DNR Suspects Lower Deer Harvest A Result Of Successful 2022 Hunt

Early data shows hunters registered 173,942 deer during the 2023 gun deer season. This includes 85,390 antlered and 88,552 antlerless deer.

Compared to 2022, the total firearm deer harvest was down 17.6 percent statewide. The antlered harvest down 14.7 percent and the antlerless harvest down 20.3 percent. However, Deer Program Specialist Jeff Pritzl says 2022 and 2023 are not an “apples to apples” comparison.

“This year is more of an equalizer,” he says, noting that 2022’s gun deer hunt harvest numbers were a double-digit increase from the year before.

“We had a really healthy antlerless harvest in 2020, followed by a pretty significant drop in ’21, and then last year we had a real nice rebound, and then this year a drop again,” he says. “Not real sure what’s causing that, but one possibility might just be that there’s a freezer inventory effect.”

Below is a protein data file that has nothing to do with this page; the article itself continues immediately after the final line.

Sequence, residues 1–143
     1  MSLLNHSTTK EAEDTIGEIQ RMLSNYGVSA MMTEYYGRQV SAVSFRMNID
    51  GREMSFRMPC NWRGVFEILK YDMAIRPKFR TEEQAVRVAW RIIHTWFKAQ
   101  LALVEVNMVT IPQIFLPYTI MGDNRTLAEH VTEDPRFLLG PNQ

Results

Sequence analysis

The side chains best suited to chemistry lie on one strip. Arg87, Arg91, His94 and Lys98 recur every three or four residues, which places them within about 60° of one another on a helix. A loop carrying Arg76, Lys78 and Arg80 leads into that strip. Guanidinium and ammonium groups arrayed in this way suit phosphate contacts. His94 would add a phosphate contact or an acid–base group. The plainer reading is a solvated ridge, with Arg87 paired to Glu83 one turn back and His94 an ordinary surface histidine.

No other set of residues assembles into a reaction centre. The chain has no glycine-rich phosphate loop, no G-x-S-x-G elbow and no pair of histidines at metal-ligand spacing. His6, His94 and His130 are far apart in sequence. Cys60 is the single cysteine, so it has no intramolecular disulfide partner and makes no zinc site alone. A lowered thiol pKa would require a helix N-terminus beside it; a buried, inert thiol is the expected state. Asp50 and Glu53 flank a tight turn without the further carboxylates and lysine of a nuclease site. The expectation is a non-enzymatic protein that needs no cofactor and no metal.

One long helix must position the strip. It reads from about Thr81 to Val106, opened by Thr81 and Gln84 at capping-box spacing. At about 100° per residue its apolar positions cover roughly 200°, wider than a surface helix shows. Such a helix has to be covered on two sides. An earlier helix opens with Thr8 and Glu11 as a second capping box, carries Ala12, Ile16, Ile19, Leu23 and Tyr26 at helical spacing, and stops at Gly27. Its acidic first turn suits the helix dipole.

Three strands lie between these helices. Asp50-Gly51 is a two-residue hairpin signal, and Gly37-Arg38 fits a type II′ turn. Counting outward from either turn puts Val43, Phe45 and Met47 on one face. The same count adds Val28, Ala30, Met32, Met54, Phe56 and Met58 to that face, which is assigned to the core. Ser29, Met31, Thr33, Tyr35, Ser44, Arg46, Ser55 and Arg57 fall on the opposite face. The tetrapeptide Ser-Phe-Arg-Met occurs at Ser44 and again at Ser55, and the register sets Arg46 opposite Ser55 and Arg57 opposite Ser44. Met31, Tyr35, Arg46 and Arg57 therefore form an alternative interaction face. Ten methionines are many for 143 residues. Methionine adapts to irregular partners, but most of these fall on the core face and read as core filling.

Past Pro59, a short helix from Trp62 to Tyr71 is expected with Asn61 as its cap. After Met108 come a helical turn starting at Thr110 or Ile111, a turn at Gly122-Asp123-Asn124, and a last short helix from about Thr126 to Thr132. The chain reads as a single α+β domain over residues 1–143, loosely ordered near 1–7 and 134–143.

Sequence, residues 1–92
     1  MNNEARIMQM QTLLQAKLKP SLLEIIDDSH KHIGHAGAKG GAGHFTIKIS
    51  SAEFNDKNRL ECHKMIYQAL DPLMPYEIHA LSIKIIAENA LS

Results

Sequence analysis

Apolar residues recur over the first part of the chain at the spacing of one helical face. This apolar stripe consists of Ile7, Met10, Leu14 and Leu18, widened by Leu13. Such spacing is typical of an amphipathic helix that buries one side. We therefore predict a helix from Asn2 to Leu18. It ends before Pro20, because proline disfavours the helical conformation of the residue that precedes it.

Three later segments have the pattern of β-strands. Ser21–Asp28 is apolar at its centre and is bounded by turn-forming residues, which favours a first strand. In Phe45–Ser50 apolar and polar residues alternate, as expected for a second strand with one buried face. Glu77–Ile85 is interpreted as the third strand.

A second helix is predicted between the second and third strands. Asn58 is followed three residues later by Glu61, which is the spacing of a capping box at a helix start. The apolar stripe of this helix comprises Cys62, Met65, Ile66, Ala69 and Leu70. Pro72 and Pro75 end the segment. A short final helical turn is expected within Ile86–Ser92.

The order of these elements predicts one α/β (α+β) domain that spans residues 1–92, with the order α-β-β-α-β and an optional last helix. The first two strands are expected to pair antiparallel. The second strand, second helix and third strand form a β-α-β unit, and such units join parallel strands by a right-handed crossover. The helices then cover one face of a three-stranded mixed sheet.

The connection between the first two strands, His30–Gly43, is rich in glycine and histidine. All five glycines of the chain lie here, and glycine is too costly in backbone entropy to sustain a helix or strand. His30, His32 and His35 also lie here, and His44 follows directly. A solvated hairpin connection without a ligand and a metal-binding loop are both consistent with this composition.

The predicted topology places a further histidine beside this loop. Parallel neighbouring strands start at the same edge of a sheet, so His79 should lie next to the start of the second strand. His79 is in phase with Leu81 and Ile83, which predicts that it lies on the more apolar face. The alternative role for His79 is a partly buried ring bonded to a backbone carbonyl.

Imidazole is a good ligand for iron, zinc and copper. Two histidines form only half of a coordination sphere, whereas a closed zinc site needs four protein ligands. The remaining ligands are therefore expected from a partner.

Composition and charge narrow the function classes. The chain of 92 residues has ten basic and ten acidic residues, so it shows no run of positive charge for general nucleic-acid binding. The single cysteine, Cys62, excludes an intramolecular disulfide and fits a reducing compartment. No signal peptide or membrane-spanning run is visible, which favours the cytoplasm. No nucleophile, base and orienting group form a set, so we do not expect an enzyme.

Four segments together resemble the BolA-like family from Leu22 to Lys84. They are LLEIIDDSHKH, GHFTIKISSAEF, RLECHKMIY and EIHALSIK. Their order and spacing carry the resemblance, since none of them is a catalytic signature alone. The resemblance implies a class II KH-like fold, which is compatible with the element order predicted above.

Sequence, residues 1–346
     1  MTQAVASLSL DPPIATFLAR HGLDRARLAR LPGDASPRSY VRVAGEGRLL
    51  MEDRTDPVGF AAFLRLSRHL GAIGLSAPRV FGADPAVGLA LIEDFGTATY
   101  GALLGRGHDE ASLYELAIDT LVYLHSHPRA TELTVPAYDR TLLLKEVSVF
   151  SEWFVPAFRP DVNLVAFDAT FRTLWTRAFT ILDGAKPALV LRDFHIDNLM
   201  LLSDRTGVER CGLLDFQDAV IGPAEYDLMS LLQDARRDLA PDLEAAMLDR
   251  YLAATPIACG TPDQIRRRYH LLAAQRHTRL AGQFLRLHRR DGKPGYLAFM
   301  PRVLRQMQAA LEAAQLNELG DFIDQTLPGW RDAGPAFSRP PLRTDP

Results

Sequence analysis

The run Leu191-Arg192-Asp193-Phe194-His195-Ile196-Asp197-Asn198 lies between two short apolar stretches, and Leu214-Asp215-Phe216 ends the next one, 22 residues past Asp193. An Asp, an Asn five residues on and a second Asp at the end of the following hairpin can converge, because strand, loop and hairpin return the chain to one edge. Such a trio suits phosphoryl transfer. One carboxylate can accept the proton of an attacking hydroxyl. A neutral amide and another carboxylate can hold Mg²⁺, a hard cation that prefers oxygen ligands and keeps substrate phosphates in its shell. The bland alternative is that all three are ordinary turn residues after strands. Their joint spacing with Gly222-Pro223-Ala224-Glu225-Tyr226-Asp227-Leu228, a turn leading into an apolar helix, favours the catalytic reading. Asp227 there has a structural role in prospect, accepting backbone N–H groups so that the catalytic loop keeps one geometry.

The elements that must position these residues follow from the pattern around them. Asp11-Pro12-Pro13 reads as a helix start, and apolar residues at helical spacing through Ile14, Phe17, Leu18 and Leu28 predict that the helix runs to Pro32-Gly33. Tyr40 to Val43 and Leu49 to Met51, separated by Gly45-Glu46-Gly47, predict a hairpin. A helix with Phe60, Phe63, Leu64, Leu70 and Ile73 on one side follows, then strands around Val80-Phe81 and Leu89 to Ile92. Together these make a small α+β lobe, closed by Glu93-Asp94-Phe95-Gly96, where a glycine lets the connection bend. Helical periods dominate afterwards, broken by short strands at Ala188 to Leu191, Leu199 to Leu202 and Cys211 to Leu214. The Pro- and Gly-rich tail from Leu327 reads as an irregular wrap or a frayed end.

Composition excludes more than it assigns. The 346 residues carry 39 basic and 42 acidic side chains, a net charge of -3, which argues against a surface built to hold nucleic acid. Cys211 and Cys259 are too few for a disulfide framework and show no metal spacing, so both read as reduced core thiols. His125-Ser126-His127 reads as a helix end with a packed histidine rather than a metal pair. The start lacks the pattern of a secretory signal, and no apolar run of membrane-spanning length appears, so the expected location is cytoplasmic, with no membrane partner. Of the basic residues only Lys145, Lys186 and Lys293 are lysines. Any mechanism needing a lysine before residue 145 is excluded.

Pritzl explains that hunters that did shoot antlerless deer last year may have carryover this year in the freezer. Therefore, they aren’t as driven to bag a doe.

He says the benchmark for the 9-day gun deer hunt alone is about 200,000 deer harvested. Since the opening of the deer seasons with the bow and crossbow season, hunters have registered 266,132 deer this year. The DNR will take a closer look at deer populations at the end of all the seasons, Pritzl says.

Adams County in the Central Farmland Zone led the state with 9.7 deer registered per square mile. Adams County also led the Central Forest Zone with 3.5 deer per square mile. Vernon County led the Southern Farmland Zone with 6.7 deer registered per square mile. Taylor County registered the most deer per square mile, 2.7, in the Northern Forest Zone.

For the 2023 gun deer season, the regional harvest breakdown by deer management zone as compared to the 5-year average was as follows:

Early License Sales Data

As of Nov. 26, sales for gun, bow, crossbow, sports and conservation patron licenses reached 788,697. Of that total, 434,817 were for gun privileges only. Year-to-date sales for all deer licenses are down 0.8 percent compared to last year.

This year, hunters from all 50 states and 27 countries purchased a Wisconsin hunting license.

Deer hunting license and harvest authorization sales will continue through the remaining deer hunting seasons.